Interviewing can be nerve-wracking. You want to make the best impression possible, and sell yourself to the employer; meanwhile you are also assessing whether the position/organization is a good fit for your needs. No wonder people can get flustered during this process! To help you prepare, the Office of Academic and Career Services schedules mock interviews either with employers or staff members, and presents interviewing skills workshops. The following will give you some basic pointers on how to prepare for a successful interview.
FAQs About Interviews
What should I expect?
If this is your first interview, it will probably be as a screening interview (it might very well even be conducted via phone), and it will follow a fairly well defined script. The interviewer will start with small talk meant to set you at ease, followed by some information about their organization and the position for which you are interviewing. This will be followed by questions for you. You will know that the interview is coming to a close when the recruiter turns to you and says, “So, do you have any questions for me?” Be sure to have some questions prepared, as this will indicate your interest in and enthusiasm for the position.
What kind of questions might the interviewer ask me and what kind of questions should I prepare for them?
There are many questions an interviewer might ask you. Some of the more typical ones are: “Tell me what you know about our company?” “How would you describe yourself?” “Where do you see yourself in five years?” “How has your college experience prepared you for this position?” “What is your greatest strength/weakness?” “Why do you want to work for our organization?” For additional typical/recommended questions, see our Interviewing at a Glance handout
Questions you can ask the interviewer include: “Would you please describe the duties/responsibilities for this position?” “What do you consider to be ideal experience for this job?” “Why is this position vacant?” “Is there room for growth within this organization?”
Do not ask about salary or benefits during the screening interview – wait for the employer to bring them up.
How do I handle less-than-perfect aspects of my past if the interviewer asks about them?
One uncomfortable area for many students involves their GPA. Using this as an example, the best advice is to acknowledge the truth and try to explain it in a positive manner, “You ask about my GPA – it was a 2.5. I wish it had been better, but during my first year at Mary Washington I’m afraid I let the freedom go to my head and I didn’t study as much as I should have. Consequently, my grades suffered. However, if you look at my GPA once I got into my major, you will see that it was consistently above a 3.0 and last semester it was a 3.6.” Or, “I admit that my GPA is not as high as I would have liked. While I feel I developed excellent time management skills while at UMW, working 15-20 hours a week off campus and being involved in campus groups such as Class Council and writing for the school newspaperdid not leave me with as much time to study as I would have liked. However, the leadership, communication and organizational skills I developed while in college will be very beneficial to me in this position.”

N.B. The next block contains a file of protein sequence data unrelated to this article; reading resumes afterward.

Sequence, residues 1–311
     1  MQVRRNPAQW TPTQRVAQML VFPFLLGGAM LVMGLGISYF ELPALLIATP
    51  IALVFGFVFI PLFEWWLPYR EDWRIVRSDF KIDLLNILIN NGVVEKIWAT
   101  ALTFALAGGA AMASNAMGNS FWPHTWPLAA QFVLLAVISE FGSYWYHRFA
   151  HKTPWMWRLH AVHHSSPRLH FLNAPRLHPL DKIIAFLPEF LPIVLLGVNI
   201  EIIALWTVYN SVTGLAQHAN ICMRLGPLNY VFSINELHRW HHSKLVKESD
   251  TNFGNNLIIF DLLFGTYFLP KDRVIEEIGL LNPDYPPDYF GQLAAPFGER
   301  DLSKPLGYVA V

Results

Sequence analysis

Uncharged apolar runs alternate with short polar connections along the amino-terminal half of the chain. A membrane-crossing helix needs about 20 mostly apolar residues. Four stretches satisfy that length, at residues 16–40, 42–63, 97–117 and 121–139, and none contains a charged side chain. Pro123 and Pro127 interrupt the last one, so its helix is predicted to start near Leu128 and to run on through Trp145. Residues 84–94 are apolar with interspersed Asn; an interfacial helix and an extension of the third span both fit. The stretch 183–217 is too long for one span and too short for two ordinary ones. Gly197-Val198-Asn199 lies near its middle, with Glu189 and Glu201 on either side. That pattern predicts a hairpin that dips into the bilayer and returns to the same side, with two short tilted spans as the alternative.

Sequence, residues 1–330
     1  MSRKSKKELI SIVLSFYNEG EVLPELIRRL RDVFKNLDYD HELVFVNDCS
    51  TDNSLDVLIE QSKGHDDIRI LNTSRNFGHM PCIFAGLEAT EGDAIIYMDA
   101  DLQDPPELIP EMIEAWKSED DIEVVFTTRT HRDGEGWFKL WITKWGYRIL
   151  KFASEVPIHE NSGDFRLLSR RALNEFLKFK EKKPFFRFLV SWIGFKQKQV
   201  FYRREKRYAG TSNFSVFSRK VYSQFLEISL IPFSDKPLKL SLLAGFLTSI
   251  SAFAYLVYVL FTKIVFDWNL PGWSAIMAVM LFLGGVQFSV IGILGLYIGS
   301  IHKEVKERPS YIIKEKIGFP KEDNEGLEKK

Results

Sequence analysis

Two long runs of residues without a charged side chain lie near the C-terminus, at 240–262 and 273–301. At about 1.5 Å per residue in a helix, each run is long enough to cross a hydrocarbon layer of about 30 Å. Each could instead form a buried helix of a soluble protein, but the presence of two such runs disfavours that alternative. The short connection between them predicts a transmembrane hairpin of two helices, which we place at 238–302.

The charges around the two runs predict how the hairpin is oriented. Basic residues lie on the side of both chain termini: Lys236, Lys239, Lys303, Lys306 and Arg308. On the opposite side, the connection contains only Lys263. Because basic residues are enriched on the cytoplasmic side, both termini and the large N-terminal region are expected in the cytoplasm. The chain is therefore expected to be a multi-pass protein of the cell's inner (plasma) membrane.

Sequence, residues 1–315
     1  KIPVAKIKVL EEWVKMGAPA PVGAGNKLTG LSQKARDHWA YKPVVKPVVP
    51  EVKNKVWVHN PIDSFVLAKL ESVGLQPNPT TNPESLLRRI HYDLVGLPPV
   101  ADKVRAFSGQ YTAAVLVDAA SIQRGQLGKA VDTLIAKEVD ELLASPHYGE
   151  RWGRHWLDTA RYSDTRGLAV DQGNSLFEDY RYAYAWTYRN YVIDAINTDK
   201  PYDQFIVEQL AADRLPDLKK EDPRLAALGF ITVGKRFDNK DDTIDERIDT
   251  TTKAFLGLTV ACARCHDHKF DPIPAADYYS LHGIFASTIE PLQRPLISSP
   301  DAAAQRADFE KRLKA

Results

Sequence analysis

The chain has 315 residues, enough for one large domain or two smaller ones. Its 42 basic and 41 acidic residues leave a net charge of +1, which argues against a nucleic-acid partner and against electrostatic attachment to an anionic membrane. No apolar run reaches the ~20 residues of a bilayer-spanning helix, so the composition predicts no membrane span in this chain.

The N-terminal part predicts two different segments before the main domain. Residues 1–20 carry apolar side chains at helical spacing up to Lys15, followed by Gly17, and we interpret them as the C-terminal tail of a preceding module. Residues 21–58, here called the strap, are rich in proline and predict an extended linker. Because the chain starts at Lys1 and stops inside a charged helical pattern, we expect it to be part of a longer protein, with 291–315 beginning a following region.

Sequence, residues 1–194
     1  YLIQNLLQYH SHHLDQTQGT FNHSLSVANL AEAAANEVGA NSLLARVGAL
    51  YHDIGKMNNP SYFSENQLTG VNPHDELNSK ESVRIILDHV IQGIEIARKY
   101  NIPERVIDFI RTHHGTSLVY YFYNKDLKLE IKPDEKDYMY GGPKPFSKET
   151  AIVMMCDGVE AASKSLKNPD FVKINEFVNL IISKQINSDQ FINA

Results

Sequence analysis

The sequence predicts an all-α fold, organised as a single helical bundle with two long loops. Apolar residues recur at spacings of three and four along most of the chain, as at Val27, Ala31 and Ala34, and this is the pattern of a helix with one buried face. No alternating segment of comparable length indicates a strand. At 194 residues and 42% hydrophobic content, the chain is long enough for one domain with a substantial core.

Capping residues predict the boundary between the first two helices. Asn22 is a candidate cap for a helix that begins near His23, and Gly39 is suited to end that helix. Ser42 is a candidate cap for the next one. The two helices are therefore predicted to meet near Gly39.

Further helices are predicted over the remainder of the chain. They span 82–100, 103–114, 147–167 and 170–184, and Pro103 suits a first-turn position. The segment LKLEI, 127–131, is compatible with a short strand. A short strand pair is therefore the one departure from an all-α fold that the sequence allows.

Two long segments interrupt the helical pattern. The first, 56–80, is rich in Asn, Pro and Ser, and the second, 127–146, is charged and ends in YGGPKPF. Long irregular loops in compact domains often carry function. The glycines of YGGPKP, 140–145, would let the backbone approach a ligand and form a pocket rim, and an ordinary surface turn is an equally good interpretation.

How should I prepare for the interview?
First, you need to know yourself: your strengths and weaknesses, what you have to offer that is unique and why you want to work for this particular organization. Speaking of why, you should research the organization prior to your interview and learn as much as you can about its operations and about the job for which you are applying. You also need to be able to explain or elaborate upon all items in your resume and cover letter – remember that anything in either is fair game for an interviewer’s question! You also should practice answering questions for the interview. You can do this with a friend, or through a mock interview in our office.
How early should I arrive for the interview?
Ten minutes prior to the starting time is recommended. Be sure to get good directions, including information on parking, when you are invited to interview.
How should I dress for the interview?
Professional attire is almost always best. For men, this usually means a suit with an ironed oxford shirt and a tie. Women should also have an interview suit in a conservative cut (mini-skirts are not recommended but pants suits are generally fine), and pumps (no sandals). Natural looking make up can be used, but avoid extreme colors and both sexes should steer away from colognes/perfumes. To best plan your interview outfit, you should learn how people in the field typically dress, and strive to emulate their attire. In other words, if you are interviewing for a creative slot in an advertising agency you may dress a bit differently than if you are interviewing for a job with a more traditional accounting agency! Tattoos should be covered as much as possible except in the most creative of fields and piercings beyond one or two per ear removed.
What should I do after the interview?
Within 24 hours of your interview, you should have written and e-mailed a thank you note to the interviewer. This process will be easier if you have remembered to get business cards from each individual with whom you met. Do not abbreviate or use “text-speak.” If you want to go the extra mile, you can also send a thank you note via traditional mail.
What if the employer does not call me within the designated time frame?
You can call or email them and politely inquire about your status as a candidate. Don’t take it personally – sometimes unforeseen circumstances can lead to a delay in notifying candidates. If you have not been selected, try to respond graciously. If they tell you they haven’t yet made a decision, ask if they know when they will and ask if you may call back again